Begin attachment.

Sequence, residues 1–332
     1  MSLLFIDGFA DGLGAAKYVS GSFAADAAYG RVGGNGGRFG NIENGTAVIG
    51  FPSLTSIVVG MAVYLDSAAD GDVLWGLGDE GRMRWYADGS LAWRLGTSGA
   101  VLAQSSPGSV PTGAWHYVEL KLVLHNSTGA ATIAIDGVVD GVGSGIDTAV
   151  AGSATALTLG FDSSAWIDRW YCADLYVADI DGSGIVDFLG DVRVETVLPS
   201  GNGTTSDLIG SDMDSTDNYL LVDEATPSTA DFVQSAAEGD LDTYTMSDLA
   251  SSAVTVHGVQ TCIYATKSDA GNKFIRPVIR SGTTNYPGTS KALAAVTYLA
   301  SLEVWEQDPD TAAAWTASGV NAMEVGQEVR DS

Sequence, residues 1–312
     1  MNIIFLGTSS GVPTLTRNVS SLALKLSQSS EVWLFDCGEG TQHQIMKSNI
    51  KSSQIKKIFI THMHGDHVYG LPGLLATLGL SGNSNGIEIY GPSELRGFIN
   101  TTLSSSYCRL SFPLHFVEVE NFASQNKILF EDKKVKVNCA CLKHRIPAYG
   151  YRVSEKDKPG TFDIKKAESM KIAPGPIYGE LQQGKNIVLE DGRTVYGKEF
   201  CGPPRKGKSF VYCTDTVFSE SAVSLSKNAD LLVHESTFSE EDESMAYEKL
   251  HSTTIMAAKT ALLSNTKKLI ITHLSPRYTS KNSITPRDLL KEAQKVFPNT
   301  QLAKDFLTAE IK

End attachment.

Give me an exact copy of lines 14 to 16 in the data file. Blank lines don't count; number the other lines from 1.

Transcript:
   201  CGPPRKGKSF VYCTDTVFSE SAVSLSKNAD LLVHESTFSE EDESMAYEKL
   251  HSTTIMAAKT ALLSNTKKLI ITHLSPRYTS KNSITPRDLL KEAQKVFPNT
   301  QLAKDFLTAE IK